Aggression & Violence in Marriage

Lecture for Advanced Marriage and Family Class

Clinical Psychology
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Aggression & Violence in Marriage

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Lecture for Advanced Marriage and Family Class
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  1. Aggression & Violence in Intimate Partnerships

    Slide 1 - Aggression & Violence in Intimate Partnerships

    • Jennifer S. Ripley, Ph.D.
    • Psychology
  2. Rates of Violence in Marriage

    Slide 2 - Rates of Violence in Marriage

    • 1 in 8 husbands was violent towards the wife in past year; 1 in 6, at Regent found 7 violent couples in studies of 45 couples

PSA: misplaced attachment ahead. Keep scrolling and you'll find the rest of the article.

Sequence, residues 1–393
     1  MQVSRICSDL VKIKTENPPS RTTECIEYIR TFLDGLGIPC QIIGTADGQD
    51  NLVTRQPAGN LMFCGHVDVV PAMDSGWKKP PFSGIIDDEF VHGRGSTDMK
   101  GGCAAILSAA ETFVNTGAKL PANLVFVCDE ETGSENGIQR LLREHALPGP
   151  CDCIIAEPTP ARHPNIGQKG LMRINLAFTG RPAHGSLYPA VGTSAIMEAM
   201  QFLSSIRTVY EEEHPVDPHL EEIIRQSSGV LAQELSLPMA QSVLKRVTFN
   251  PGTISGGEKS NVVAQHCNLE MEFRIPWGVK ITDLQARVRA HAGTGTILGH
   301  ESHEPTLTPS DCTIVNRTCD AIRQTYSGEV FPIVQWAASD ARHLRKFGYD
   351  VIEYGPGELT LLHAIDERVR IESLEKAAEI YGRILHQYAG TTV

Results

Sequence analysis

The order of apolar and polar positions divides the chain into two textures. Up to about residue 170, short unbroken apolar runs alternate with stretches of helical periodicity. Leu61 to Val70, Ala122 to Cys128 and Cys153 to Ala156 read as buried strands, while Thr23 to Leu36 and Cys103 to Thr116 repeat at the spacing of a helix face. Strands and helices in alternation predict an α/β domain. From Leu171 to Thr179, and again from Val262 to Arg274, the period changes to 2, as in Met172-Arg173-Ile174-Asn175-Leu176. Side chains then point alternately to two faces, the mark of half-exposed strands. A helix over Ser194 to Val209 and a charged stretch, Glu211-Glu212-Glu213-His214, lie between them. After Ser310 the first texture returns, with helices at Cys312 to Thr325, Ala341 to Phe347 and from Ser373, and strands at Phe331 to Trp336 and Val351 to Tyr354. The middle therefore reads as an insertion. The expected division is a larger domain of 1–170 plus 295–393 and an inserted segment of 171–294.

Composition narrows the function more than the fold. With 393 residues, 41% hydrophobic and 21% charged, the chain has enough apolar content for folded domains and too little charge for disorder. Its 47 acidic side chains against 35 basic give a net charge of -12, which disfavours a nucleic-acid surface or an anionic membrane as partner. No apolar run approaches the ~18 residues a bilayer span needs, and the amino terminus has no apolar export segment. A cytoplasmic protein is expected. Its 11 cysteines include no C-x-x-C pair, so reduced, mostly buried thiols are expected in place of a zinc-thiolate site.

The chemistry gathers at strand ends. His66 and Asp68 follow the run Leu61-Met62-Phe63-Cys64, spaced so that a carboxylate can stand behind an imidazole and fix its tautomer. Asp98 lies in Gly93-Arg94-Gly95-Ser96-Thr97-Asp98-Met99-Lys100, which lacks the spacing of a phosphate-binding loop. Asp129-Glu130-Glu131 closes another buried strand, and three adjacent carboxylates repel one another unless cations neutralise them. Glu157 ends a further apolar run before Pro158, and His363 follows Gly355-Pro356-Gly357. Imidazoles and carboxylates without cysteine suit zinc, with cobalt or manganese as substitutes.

• 1.8 million wives are beaten by spouse each year (Straus & Gelles, 1990)
    • O’Leary et al (1989) found 31% of men and 44% of women reported being physically aggressive in the year prior to marriage
  3. Rates of Violence & Aggresssion

    Slide 3 - Rates of Violence & Aggresssion

    • Highest in first 30 months of marriage, but continue after
    • If a partner has been violent in the past, there is a 46-72% chance that he/she would have used violence in follow-up study
    • Many couples appear to escalate in violence over time, although longitudinal studies of violent couples have not been reported in the literature
  4. Violence

    Slide 4 - Violence